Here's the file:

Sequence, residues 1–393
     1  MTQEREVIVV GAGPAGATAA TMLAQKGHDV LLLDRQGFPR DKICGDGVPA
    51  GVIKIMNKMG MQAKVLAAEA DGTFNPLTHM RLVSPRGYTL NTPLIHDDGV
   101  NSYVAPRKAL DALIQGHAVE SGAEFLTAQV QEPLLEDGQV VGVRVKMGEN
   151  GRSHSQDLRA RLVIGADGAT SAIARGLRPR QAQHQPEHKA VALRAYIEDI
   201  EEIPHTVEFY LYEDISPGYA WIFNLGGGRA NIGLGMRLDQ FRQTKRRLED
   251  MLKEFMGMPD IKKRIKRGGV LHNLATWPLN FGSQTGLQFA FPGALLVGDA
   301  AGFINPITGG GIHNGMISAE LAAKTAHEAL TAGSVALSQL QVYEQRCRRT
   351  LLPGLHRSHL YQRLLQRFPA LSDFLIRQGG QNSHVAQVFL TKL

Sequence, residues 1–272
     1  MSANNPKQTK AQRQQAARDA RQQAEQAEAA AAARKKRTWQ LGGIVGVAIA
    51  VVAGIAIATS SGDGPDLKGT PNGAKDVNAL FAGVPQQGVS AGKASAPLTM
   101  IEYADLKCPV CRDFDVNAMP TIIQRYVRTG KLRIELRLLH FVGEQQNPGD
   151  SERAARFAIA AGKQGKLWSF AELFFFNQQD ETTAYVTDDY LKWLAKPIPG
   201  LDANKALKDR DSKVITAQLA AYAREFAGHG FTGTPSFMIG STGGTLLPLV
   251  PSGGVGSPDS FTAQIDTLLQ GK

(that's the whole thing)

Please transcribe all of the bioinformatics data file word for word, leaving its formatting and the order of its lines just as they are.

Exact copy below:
Sequence, residues 1–393
     1  MTQEREVIVV GAGPAGATAA TMLAQKGHDV LLLDRQGFPR DKICGDGVPA
    51  GVIKIMNKMG MQAKVLAAEA DGTFNPLTHM RLVSPRGYTL NTPLIHDDGV
   101  NSYVAPRKAL DALIQGHAVE SGAEFLTAQV QEPLLEDGQV VGVRVKMGEN
   151  GRSHSQDLRA RLVIGADGAT SAIARGLRPR QAQHQPEHKA VALRAYIEDI
   201  EEIPHTVEFY LYEDISPGYA WIFNLGGGRA NIGLGMRLDQ FRQTKRRLED
   251  MLKEFMGMPD IKKRIKRGGV LHNLATWPLN FGSQTGLQFA FPGALLVGDA
   301  AGFINPITGG GIHNGMISAE LAAKTAHEAL TAGSVALSQL QVYEQRCRRT
   351  LLPGLHRSHL YQRLLQRFPA LSDFLIRQGG QNSHVAQVFL TKL

Sequence, residues 1–272
     1  MSANNPKQTK AQRQQAARDA RQQAEQAEAA AAARKKRTWQ LGGIVGVAIA
    51  VVAGIAIATS SGDGPDLKGT PNGAKDVNAL FAGVPQQGVS AGKASAPLTM
   101  IEYADLKCPV CRDFDVNAMP TIIQRYVRTG KLRIELRLLH FVGEQQNPGD
   151  SERAARFAIA AGKQGKLWSF AELFFFNQQD ETTAYVTDDY LKWLAKPIPG
   201  LDANKALKDR DSKVITAQLA AYAREFAGHG FTGTPSFMIG STGGTLLPLV
   251  PSGGVGSPDS FTAQIDTLLQ GK